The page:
[Smiles and looks at him.] Am I to take these as oracular utterances, Mr. Ulfheim?
Lord preserve me from playing the oracle! [Urgently, pointing up towards the heights.] But don’t you see that the storm is upon us? Don’t you hear the blasts of wind?
[Listening.] They sound like the prelude to the Resurrection Day.
They are storm-blasts form the peaks, man! Just look how the clouds are rolling and sinking—soon they’ll be all around us like a winding -sheet!
[With a start and shiver.] I know that sheet!
[Drawing ULFHEIM away.] Let us make haste and get down.
[To PROFESSOR RUBEK.] I cannot help more than one. Take refuge in the hut in the mean-time—while the storm lasts. Then I shall send people up to fetch the two of you away.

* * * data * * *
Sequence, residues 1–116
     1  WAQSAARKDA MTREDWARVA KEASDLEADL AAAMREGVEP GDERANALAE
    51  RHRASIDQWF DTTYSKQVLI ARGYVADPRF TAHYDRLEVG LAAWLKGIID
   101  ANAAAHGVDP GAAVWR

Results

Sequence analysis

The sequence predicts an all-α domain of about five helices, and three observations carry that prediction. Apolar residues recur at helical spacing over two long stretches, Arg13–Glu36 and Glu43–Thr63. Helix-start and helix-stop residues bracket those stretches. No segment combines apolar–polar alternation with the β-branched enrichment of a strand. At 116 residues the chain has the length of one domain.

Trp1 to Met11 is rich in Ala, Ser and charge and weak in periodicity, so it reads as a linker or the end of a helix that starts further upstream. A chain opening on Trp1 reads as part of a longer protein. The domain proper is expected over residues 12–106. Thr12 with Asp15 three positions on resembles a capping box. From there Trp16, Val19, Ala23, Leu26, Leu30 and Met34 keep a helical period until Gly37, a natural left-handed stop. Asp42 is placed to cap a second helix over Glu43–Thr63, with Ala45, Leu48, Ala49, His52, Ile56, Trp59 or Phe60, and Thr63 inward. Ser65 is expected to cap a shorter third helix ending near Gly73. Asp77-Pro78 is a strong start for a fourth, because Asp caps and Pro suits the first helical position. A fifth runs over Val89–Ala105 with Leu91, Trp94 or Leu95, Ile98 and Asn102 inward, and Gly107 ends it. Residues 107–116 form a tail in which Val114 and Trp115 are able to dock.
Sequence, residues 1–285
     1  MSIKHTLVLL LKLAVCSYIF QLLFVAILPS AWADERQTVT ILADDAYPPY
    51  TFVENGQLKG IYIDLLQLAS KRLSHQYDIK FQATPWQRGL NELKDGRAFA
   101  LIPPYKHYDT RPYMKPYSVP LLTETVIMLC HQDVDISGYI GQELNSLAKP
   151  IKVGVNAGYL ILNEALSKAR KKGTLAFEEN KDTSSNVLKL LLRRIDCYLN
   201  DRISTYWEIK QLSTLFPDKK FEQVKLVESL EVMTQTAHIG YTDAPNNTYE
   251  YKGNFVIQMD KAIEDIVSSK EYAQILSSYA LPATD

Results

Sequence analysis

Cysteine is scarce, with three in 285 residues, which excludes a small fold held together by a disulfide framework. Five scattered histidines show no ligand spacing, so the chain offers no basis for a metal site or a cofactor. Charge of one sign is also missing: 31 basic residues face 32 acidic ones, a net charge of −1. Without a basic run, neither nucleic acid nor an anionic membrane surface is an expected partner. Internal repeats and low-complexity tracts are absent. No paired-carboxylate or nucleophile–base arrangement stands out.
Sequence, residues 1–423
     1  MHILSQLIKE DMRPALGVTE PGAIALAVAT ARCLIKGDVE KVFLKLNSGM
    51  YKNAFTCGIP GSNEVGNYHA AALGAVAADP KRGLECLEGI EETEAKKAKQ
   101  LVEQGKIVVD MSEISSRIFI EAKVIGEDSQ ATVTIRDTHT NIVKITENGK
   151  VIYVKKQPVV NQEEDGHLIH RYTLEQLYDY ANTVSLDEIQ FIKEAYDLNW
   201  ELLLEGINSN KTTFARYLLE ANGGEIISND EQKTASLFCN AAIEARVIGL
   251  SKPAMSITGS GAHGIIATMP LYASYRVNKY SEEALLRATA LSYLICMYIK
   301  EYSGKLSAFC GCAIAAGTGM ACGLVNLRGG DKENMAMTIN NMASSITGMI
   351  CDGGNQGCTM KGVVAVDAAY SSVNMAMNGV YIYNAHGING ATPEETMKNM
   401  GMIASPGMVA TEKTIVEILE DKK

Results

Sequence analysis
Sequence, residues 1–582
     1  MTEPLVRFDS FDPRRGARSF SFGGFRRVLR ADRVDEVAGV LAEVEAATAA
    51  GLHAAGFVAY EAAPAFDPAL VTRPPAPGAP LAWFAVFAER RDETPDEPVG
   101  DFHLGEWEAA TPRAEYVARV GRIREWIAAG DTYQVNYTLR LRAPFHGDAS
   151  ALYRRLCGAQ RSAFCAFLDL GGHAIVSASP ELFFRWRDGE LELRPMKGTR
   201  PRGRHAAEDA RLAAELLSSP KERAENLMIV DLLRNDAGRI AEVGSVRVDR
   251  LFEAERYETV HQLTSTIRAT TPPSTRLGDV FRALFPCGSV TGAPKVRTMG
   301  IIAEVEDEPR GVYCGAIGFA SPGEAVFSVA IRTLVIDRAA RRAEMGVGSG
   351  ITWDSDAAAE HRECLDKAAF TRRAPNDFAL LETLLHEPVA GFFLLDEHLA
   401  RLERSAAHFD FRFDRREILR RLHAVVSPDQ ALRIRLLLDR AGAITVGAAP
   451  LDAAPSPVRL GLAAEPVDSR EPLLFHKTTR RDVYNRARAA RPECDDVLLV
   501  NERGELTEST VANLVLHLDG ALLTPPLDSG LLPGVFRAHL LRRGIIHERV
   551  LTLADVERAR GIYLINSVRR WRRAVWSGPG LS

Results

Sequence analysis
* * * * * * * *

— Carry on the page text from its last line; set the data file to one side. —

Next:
[In terror.] To fetch us away! No, no!
[Harshly.] To take you by force if necessary—for it’s a matter of life and death here. Now, you know it. [To MAIA.] Come, then—and don’t fear to trust yourself in your comrade’s hands.
[Clinging to him.] Oh, how I shall rejoice and sing, if I get down with a whole skin!
[Begins the descent and calls to the others.] You’ll wait, then, in the hut, till the men come with ropes, and fetch you away.
[ULFHEIM, with MAIA in his
arms, clambers rapidly but warily down
[Looks for some time at PROFESSOR RUBEK with terror-stricken eyes.] Did you hear that, Arnold?—men are coming up to fetch me away! Many men will come up here—–
Do not be alarmed, Irene!
[In growing terror.] And she, the woman in black—she will come too. For she must have missed me long ago. And then she will seize me, Arnold! And put me in the strait-waistcoat. Oh, she has it with her, in her box. I have seen it with my own eyes—–
Not a soul shall be suffered to touch you.